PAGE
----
By Jan Thornborough
While most of us were on holiday or just cowering from the rain over the long weekend, cybercriminals were busy launching ‘carding attacks’ against fundraising websites.
A carding attack is where criminals have a database of stolen credit card numbers and automated tools that systematically try one-dollar donations on fundraising websites to find active cards. The criminals scan social media advertising to find suitable victims. Once they find an unsuspecting fundraising website, the criminal’s automated tools will keep systematically testing each card number until successful. When a donation succeeds, they know they’ve got a valid credit card number. So, it’s happy days for them as they empty the card up to the credit limit elsewhere.
Attacks like these are widespread and not isolated to just fundraising sites. Any unprotected e-commerce website is fair game.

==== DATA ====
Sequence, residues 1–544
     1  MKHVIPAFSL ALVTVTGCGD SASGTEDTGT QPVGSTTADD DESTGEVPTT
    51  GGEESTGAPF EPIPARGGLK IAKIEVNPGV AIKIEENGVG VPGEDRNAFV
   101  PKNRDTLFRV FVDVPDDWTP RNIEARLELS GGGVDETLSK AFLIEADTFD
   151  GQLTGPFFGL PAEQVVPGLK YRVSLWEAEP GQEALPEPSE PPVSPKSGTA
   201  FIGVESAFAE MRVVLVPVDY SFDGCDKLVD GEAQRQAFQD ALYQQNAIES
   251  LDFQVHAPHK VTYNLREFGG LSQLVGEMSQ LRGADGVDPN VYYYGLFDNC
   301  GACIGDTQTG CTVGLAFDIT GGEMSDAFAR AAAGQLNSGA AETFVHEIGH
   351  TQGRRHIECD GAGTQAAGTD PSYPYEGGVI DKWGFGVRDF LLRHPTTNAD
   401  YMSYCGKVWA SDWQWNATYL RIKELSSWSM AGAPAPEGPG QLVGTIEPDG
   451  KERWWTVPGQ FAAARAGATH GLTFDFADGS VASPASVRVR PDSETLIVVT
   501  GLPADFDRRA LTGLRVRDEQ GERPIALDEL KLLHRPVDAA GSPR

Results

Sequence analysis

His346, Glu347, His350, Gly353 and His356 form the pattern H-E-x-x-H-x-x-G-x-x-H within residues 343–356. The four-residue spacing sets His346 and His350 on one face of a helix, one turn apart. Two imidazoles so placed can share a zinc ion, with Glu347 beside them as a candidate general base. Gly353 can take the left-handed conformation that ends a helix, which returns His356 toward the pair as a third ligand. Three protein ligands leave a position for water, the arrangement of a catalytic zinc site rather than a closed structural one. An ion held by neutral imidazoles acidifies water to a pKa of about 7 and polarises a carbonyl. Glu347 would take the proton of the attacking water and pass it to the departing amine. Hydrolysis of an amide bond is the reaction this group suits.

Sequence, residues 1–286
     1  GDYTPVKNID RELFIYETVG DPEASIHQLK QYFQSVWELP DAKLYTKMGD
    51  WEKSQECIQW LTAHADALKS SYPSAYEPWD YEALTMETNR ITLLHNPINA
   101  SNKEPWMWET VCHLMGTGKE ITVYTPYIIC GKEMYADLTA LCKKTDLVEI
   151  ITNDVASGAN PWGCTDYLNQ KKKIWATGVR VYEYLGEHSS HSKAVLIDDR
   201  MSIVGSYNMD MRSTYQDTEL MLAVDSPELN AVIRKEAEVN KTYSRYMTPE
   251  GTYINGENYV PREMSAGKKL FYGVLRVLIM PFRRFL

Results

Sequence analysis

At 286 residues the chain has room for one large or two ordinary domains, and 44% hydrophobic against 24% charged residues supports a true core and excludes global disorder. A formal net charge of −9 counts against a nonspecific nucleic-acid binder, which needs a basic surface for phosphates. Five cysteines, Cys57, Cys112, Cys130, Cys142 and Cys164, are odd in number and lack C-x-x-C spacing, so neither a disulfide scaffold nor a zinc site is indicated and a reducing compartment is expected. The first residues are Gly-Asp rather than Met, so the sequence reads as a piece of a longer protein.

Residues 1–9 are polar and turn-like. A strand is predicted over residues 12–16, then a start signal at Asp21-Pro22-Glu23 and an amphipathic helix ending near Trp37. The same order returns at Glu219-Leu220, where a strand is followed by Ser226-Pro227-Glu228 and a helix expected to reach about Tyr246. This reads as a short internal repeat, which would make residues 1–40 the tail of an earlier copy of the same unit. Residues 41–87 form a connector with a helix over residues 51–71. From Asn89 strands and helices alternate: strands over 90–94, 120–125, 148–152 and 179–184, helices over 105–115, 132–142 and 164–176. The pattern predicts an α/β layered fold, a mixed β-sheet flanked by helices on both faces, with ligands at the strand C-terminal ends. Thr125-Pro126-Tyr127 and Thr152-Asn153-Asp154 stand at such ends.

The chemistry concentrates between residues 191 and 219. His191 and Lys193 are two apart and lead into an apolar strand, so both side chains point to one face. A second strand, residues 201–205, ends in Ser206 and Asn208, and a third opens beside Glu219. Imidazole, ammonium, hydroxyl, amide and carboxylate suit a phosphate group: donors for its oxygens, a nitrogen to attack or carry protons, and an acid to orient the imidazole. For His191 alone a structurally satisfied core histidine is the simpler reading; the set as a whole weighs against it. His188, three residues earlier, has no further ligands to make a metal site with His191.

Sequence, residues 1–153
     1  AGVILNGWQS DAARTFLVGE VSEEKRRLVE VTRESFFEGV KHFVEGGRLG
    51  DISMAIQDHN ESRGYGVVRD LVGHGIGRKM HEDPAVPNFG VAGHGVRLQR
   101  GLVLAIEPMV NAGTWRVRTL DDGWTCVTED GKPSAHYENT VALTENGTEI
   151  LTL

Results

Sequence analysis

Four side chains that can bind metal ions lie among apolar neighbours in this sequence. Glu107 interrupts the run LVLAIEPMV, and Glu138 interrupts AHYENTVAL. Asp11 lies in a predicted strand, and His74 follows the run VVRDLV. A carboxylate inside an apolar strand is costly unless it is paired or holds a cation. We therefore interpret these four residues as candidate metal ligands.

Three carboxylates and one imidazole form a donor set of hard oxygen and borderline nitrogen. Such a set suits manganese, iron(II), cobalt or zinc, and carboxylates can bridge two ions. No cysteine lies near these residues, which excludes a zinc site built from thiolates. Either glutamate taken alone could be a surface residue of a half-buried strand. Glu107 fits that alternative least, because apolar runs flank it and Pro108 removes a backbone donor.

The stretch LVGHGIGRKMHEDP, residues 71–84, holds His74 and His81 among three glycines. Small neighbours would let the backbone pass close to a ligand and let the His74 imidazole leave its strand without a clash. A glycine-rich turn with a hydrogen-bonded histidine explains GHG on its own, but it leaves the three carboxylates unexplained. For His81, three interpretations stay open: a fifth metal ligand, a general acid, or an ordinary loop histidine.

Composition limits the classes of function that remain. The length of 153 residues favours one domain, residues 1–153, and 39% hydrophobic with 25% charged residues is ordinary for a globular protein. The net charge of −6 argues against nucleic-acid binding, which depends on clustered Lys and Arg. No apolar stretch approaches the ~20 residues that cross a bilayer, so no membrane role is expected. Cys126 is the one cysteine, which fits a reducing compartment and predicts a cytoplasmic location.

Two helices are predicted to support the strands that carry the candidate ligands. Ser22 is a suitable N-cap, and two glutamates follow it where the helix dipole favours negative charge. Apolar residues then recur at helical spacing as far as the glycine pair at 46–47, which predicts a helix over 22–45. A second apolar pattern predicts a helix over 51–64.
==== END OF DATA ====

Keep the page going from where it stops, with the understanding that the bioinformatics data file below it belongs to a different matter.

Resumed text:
If you are the owner of a fundraising or e-commerce site that has noticed a lot of unsuccessful small transactions interspersed with the occasional successful one, you should check it out.
Here are some steps to take:
- Get your IT provider to take down your website until they have an appropriate solution to limit the chances of this happening again. Note I said limit, not eradicate because the attackers continually change their tactics.
- Make sure your IT provider has a suitably informative notice to put up in the place of your website, perhaps offering the option of a phone donation while the site is unavailable.
- Notify your bank (hopefully, they will be the one notifying you as they keep an eye out for this kind of activity).
- Banks can offer great advice on the best way to reimburse the stolen funds.
- Talk to your payment processing vendor and see if they are willing to waiver any processing fees for the fraudulent activity.
- If you didn’t have one at the start of this list, create a simple incident management plan that you and your staff can refer to the next time you are subject to a cyber-attack. The faster you can act, the less damage you will need to fix.
If you want expert advice and guidance on how to make your organisation more cyber resilient contact Jan Thornborough at Intelligensia, your local New Zealand owned and operated Cyber resilience firm intelligensia.co.nz